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China has censored a top health information platform

China has censored DXY, the country’s leading health information platform. On August 9, DXY fell silent across social media, where it boasts over 80 million followers. Five of its Weibo accounts were suddenly suspended with a vague explanation that they had violated “relevant laws and regulations,” while its accounts on WeChat and Douyin (the domestic version of TikTok) stopped publishing.

Neither these social media platforms nor DXY have released any public statement on what caused the suspension, but Nikkei Asia reported that the order came from regulators and won’t end without official approval.

The suspension has been met with a gleeful social reaction among nationalist bloggers, who accuse DXY of receiving foreign funding, bashing traditional Chinese medicine, and criticizing China’s health-care system.

DXY is one of the front-runners in China’s digital health startup scene. It hosts the largest online community for Chinese doctors to discuss professional topics and socialize. It also provides a medical news service for a general audience, and it is widely seen as the most influential popular science publication in health care.

“I think no one, as long as they are somewhat related to the medical profession, doesn’t follow these accounts [of DXY],” says Zhao Yingxi, a global health researcher and PhD candidate at Oxford University, who says he followed DXY’s accounts on WeChat too.

But in the increasingly polarized social media environment in China, health care is becoming a target for controversy. The fact that people immediately concluded that DXY’s demise was triggered by its foreign ties and critical work illustrates how politicized health topics have become.

Since its launch in 2000, DXY has raised five rounds of funding from prominent companies like Tencent and venture capital firms. But even that commercial success has caused it trouble this week. One of its major investors, Trustbridge Partners, raises funds from sources like Columbia University’s endowments and Singapore’s state holding company Temasek. After DXY’s accounts were suspended, bloggers used that fact to try to back up their claim that DXY has been under foreign influence all along.

Part of the reason the suspension is so shocking is that DXY is widely seen as one of the most trusted online sources for health education in China. During the early days of the covid-19 pandemic, it compiled case numbers and published a case map that was updated every day, becoming the go-to source for Chinese people seeking to follow covid trends in the country. DXY also made its name by taking down several high-profile fraudulent health products in China.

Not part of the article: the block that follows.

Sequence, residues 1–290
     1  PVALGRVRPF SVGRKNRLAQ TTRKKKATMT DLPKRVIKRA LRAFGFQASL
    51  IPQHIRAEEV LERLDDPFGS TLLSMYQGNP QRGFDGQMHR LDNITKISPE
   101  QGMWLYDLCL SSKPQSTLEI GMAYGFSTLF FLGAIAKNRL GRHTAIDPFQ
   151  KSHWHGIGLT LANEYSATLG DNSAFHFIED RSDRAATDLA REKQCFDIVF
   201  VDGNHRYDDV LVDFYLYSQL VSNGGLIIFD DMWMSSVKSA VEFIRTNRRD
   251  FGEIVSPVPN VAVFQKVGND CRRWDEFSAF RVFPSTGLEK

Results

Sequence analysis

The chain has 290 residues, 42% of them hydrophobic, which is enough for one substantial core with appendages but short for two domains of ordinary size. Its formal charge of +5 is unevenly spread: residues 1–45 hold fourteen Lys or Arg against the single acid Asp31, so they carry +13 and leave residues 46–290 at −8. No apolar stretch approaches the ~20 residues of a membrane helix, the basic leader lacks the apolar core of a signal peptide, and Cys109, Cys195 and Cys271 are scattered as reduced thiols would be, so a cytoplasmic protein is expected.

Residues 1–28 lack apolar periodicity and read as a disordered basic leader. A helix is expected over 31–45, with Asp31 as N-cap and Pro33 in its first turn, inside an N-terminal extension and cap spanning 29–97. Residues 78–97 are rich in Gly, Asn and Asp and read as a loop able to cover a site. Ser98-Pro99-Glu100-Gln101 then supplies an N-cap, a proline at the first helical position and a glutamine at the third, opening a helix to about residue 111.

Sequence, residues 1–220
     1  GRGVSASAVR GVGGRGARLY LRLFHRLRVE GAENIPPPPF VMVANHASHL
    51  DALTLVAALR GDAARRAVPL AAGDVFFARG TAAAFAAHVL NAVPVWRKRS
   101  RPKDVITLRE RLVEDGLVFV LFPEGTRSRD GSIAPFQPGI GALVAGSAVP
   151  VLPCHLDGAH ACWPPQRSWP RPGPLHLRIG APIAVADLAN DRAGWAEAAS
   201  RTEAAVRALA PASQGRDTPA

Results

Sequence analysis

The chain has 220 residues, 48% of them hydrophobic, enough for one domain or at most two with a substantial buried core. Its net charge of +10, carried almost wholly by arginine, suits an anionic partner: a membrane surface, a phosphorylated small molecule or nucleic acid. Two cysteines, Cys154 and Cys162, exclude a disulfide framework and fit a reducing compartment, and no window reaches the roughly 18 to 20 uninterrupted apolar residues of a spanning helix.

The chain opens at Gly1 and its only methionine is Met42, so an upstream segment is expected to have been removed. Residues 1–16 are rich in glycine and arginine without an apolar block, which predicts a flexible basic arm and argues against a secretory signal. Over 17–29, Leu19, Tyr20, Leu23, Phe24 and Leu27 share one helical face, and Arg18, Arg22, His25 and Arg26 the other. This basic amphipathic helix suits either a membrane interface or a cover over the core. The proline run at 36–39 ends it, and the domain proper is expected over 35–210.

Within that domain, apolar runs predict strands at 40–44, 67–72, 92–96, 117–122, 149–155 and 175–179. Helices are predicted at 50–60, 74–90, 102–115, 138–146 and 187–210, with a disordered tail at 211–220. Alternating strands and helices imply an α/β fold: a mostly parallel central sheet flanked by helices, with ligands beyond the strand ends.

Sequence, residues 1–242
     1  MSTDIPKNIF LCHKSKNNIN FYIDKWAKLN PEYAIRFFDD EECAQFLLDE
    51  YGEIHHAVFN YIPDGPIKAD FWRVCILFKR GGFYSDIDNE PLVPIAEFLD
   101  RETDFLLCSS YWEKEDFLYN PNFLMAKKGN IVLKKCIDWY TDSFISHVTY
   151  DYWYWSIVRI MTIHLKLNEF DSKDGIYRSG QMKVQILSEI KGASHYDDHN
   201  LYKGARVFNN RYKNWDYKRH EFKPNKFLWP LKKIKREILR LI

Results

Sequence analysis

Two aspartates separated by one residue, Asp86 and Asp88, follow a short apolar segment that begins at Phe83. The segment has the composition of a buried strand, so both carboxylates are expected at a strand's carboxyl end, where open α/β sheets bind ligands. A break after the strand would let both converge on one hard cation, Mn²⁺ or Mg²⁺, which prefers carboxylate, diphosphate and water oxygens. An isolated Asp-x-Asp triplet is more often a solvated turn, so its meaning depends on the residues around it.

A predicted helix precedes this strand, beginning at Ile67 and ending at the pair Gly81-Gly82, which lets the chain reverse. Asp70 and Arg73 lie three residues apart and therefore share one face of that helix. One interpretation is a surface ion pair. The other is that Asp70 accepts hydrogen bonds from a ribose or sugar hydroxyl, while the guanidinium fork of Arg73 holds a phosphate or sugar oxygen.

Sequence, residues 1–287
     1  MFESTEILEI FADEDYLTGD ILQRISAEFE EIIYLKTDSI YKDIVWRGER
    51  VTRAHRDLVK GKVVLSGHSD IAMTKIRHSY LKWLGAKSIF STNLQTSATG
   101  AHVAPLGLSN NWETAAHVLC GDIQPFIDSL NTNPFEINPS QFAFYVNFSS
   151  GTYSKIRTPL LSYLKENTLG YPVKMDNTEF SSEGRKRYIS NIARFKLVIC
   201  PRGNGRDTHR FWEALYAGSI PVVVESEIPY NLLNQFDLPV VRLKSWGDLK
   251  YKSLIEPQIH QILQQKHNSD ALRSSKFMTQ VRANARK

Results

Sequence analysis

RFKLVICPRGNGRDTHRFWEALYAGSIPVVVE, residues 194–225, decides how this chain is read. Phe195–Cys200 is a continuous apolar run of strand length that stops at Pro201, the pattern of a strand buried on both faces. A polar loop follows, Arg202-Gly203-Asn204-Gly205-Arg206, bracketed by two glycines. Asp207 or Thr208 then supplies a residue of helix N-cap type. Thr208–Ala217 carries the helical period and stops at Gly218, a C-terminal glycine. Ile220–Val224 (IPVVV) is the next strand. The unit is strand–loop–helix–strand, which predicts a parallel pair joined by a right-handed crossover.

It also hasn’t shied away from sensitive issues. For example, on the International Day Against Homophobia, Transphobia, and Biphobia in 2019, it published the accounts of several victims of conversion therapy and argued that the practice is not backed by medical consensus.

“The article put survivors’ voices front and center and didn’t tiptoe around the disturbing reality that conversion therapy is still prevalent and even pushed by highly ranked public hospitals and academics,” says Darius Longarino, a senior fellow at Yale Law School’s Paul Tsai China Center.

The sudden suspension of DXY’s social media accounts has caught its followers by surprise. “I don’t think they have done anything improper,” says Zhao.

But opponents of DXY were quick to find a political explanation. On social media, some defended the suspension on the basis that DXY has questioned the efficacy of traditional Chinese medicine (TCM.)

In April 2022, DXY published an article about Lianhua Qingwen, a modern TCM product that has been distributed by the Chinese government as a treatment for covid-19. In the now-deleted article, the DXY authors cautioned that the medicine has never been properly tested in a clinical trial, and pointed out that some of the ingredients are banned in other countries.

The article, widely read and circulated, caused the value of the pharmaceutical company behind Lianhua Qingwen, Shijiazhuang Yiling Pharmaceutical, to fall by $1.05 billion on the stock market. To most health-care professionals, the article was reasonable and uncontroversial. But it made DXY a target for TCM supporters. Since then, DXY has been accused of colluding with Western pharmaceutical companies like Pfizer, which manufactures the covid-19 treatment Paxlovid, to defame TCM. TCM supporters celebrated the suspension of DXY’s accounts as proof of the platform’s wrongdoings.

Just as in the US, certain public health topics have become heavily politicized in China, including covid-19. Choosing a side in scientific debates in China is oftentimes equated to choosing a side in the ideological divide between China and the West.

Although DXY is the most prominent example, it’s not the first popular science publication to fall victim to social media campaigns in China. Several popular digital science publications and video channels, like Elephant Magazine and Paperclip, have been trolled and targeted by nationalist influencers for receiving funding from foreign NGOs and publishing content that paints China in a bad light. These publications either dissolved or disappeared from social media after they were censored.

DXY’s supporters fear it could go the same way.

“This is the best domestic health education platform. It has contributed greatly to the popularization of evidence-based medicine,” Wang Zhian, a Chinese journalist whose social media accounts were censored in 2019 before he emigrated to Japan, wrote on Twitter. “I hope it can survive.”

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